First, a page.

Male mental ill-health – how to remove the workplace stigma

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I recently visited beautiful Forster, on the NSW mid-north coast. Having grown up in Taree it is an area I am quite familiar with. I caught up with a friend who shared that he had lost 2 friends to suicide in the last month. This is a town of just 14,000.

It is tragic that many men are not seeking help when they are feeling so hopeless

Recent Australian research has found that mental ill-health remains high among Australian men. Up to 25% experienced a diagnosed mental health disorder in their lifetime and 15% experienced a disorder in any 12-month period.

While over 80% of men with depression, anxiety and/or any suicidality in the past year had seen a General Practitioner (GP), only around 40% had seen a mental health professional.

To help address this we need to tap into employee stories of men successfully seeking help. I have observed the impact of this in workplace sessions many times.

Some examples where men have been vulnerable at work with a real positive impact include:

  • Deputy Secretary, Department of Treasury – In the lead up to R U OK? Day, this senior leader shared how he had reached out to others in the past year and asked R U OK? He then shared that he had some personal challenges in the last year and really appreciated that colleagues had asked him R U OK? He even shared that someone had noticed he wasn’t eating lunch regularly and started buying it for him.
  • Managing Director of 6000 employee company – shared with his senior leadership team that he had once been homeless and living in a car when a previous marriage broke down. You could see the room change as he told that story.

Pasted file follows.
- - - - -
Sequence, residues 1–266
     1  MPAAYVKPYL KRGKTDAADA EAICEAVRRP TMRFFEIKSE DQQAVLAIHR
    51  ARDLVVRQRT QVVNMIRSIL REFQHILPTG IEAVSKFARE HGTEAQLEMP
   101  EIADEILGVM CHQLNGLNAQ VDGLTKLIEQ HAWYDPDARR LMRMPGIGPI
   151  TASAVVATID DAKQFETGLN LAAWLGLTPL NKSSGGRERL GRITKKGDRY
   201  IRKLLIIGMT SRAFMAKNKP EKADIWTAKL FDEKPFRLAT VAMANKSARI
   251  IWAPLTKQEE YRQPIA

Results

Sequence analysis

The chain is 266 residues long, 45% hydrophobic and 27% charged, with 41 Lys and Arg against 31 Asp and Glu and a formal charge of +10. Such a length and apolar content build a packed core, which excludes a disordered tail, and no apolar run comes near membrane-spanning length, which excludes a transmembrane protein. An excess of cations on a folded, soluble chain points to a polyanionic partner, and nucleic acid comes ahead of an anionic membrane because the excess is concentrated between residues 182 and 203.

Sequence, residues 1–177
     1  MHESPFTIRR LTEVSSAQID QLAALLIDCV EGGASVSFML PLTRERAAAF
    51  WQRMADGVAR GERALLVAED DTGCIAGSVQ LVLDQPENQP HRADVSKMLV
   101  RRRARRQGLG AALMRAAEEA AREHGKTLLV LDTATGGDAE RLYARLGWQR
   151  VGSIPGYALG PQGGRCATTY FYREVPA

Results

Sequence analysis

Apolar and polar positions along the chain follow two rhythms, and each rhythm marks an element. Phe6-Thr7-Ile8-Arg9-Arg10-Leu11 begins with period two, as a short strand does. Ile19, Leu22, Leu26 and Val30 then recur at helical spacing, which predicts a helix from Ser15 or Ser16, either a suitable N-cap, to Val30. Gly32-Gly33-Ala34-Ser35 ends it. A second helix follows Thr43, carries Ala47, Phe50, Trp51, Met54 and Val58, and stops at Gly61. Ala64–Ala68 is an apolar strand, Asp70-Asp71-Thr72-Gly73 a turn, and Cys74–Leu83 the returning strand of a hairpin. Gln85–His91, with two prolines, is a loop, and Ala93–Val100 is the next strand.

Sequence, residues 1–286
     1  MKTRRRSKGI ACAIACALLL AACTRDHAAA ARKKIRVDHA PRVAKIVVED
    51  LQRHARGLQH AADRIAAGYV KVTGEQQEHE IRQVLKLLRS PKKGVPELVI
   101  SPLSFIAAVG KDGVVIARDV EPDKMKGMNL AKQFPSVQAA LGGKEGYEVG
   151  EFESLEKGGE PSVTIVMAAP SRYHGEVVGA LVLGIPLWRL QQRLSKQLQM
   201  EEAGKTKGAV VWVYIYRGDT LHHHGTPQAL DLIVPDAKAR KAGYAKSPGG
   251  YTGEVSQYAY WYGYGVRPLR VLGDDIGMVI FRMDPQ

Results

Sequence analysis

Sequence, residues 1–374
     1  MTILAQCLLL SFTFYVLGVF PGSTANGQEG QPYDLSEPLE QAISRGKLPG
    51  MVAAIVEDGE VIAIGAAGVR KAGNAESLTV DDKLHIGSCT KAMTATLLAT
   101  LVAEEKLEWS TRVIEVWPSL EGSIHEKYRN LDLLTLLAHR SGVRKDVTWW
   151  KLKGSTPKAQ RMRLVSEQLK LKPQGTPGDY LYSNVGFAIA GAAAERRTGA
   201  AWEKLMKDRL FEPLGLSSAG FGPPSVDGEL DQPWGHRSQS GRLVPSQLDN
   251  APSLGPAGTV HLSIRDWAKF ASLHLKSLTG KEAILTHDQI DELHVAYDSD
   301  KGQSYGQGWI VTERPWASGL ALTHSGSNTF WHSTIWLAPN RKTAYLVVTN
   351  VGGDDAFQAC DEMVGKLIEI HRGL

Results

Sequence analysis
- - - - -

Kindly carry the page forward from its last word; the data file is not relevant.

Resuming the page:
• Coach of the Richmond Tigers, Damien Hardwick, shared his hardships, highlights, and heroes (HHHs) with the team. This simple exercise which every player followed, led to an increase in trust and respect. It is credited with helping them go from 12th position in 2016 to winning the premiership in 2017.
  • The CEO of a mining supply company – when he launched a workplace mental health initiative, he shared how he had been to 3 funerals where someone he knew had taken their own life. He said they were the saddest funerals he had ever gone to. He could not help wondering if it would have made a difference if someone had asked them R U OK? He went on to say he would do anything to help prevent a suicide now.

When someone shares their story, it gives others permission to share theirs. Men acknowledging their mental health struggles helps to break down stigma and encourages help seeking.

I have generally found that employees who want to share their struggles, have overcome their setbacks and are now experiencing positive wellbeing. If they want to test the waters, I would recommend telling one person at work they trust.

With men accounting for 75% of suicides, urgently addressing this situation is paramount.

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